Related to: 'Hannah Tinti'

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American Gods: My Ainsel

Neil Gaiman, P. Craig Russell, Scott Hampton
Contributors:
Neil Gaiman, P. Craig Russell, Scott Hampton

AMERICAN GODS by international bestseller, and creator of Sandman, Neil Gaiman is an award-winning epic novel, highly acclaimed major TV series starring Ricky Whittle, Ian McShane and Gillian Anderson and now, for the first time, adapted in stunning comic book form. This is the second of three bind-up editions. 'Original, engrossing and endlessly inventive' - George R. R. Martin.The bizarre road trip across America continues as our heroes gather reinforcements for the imminent god war!Shadow and Wednesday leave the House on the Rock and continue their journey across the country where they set up aliases, meet new gods, and prepare for war.The Hugo, Bram Stoker, Locus, World Fantasy, and Nebula award-winning novel and hit Starz television series by NEIL GAIMAN is adapted as a graphic novel!Collects issues #1-9 of American Gods: My Ainsel.

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Cold Case (Bob Skinner series, Book 30)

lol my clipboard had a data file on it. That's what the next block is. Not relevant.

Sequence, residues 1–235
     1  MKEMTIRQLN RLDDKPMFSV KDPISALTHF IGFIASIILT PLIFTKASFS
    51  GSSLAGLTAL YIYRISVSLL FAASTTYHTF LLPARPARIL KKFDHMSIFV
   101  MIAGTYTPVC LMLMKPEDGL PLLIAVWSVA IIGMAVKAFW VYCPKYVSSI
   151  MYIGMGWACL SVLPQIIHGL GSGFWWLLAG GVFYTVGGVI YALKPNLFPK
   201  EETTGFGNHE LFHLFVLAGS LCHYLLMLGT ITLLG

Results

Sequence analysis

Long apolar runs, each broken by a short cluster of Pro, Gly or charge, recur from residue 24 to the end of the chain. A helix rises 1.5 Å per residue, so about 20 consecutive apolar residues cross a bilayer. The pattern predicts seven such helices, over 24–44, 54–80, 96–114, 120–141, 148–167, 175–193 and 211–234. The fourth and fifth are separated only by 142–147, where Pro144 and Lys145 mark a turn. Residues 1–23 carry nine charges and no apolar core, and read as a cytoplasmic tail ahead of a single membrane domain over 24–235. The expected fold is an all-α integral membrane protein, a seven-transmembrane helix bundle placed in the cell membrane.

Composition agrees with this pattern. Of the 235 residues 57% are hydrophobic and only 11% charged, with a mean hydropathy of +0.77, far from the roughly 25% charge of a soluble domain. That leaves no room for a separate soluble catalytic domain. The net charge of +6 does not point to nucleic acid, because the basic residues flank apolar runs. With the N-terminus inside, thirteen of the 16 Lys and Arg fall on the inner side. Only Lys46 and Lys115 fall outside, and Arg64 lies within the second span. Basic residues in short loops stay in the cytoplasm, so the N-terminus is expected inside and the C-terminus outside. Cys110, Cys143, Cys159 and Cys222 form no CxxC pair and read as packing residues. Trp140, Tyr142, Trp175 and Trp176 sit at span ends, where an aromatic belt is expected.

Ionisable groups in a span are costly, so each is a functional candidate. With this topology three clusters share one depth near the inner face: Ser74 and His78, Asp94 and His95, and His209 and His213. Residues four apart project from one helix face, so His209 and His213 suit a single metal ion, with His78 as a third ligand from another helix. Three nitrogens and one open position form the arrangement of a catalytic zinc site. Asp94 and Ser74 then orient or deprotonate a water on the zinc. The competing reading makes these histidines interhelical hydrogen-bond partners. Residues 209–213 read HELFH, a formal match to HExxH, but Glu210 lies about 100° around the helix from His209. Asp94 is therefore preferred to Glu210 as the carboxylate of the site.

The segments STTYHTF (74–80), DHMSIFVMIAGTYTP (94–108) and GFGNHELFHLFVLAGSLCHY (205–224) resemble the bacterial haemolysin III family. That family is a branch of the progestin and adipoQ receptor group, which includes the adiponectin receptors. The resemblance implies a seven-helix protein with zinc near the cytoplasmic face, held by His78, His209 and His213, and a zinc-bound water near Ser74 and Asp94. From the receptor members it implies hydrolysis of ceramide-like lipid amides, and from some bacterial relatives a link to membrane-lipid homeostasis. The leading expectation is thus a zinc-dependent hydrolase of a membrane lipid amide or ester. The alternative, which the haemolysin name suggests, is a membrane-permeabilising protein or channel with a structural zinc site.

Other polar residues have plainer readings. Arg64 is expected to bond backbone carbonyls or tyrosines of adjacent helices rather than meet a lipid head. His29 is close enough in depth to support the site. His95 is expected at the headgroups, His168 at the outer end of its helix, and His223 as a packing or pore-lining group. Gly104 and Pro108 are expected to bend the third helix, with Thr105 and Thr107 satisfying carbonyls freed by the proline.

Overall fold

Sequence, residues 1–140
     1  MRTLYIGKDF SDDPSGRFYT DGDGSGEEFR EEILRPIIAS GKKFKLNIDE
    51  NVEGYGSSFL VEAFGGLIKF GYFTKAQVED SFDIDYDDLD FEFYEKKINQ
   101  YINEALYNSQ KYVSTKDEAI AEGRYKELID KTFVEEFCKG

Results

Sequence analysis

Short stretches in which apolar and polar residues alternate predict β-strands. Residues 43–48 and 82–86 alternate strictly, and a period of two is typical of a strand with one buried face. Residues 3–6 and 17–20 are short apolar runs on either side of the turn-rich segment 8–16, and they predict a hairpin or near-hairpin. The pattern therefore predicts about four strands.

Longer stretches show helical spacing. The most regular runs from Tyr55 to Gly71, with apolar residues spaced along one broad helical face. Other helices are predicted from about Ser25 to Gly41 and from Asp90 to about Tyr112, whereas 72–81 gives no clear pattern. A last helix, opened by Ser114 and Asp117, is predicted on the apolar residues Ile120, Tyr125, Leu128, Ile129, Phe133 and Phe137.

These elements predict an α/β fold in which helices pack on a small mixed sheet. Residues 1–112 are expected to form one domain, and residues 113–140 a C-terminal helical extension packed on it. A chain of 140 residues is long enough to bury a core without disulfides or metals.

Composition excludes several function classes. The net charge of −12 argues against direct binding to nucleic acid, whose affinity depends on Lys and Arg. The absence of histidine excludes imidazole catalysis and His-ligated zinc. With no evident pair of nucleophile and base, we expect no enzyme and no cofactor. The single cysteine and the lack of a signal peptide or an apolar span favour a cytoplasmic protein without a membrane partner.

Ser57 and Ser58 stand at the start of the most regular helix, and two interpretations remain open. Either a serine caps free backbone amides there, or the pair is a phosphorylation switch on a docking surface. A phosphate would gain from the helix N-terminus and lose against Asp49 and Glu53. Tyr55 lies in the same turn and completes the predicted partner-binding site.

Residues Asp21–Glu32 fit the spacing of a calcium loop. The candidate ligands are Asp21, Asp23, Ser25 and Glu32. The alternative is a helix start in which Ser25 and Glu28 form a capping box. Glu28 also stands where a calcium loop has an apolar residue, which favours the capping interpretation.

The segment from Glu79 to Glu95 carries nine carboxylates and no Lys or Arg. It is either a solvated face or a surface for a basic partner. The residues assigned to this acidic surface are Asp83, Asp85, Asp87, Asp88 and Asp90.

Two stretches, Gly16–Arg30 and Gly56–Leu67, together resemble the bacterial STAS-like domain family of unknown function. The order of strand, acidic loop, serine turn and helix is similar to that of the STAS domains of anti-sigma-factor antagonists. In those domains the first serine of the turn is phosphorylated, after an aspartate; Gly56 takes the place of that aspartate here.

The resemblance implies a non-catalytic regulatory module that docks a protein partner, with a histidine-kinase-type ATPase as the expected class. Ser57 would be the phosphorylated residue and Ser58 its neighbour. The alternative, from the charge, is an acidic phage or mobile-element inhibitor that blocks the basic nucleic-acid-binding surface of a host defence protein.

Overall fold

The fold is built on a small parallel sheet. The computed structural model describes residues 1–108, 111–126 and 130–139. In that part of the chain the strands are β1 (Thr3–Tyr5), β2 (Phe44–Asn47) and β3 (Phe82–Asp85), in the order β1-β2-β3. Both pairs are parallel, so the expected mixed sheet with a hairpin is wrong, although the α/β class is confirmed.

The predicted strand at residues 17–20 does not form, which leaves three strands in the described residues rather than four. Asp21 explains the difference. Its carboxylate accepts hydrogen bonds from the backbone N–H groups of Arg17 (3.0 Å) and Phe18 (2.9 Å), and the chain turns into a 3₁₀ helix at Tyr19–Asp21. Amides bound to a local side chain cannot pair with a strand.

Quintin Jardine
Authors:
Quintin Jardine
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Likely Stories

Neil Gaiman, Mark Buckingham
Contributors:
Neil Gaiman, Mark Buckingham

From Hugo, Eisner, Newbery, Harvey, Bram Stoker, Locus, World Fantasy, and Nebula award-winning author Neil Gaiman and Eisner award-winner Mark Buckingham (Fables) comes a striking graphic novel anthology of four essential fantasy stories.These dark and imaginative tales feature an odd and subtly linked world of bizarre venereal diseases, a creepy old woman who feasts on raw meat, a man obsessed with a skin model from a magazine, and a story within a story about ghosts. You wont want to miss this collection featuring comic adaptations of the short stories: Looking for the Girl, Foreign Parts, Closing Time, and Feeders and Eaters from the Sunday Times bestselling author, Neil Gaiman.

Wildfire

PIG

Helen Browning, Tim Finney
Authors:
Helen Browning, Tim Finney
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The Sun & the Moon & the Rolling Stones

Rich Cohen
Authors:
Rich Cohen

Rich Cohen enters the Stones epic as a young journalist on the road with the band and quickly falls under their sway - privy to the jokes, the camaraderie, the bitchiness, the hard living. Inspired by a lifelong appreciation of the music that borders on obsession, Cohen's chronicle of the band is informed by the rigorous views of a kid who grew up on the music and for whom the Stones will always be the greatest rock 'n' roll band of all time.This is a non-fiction book that reads like a novel filled with the greatest musicians, agents and artists of the most indelible age in pop culture. It's a book only Rich, with his unique access, experience and love of the band could write.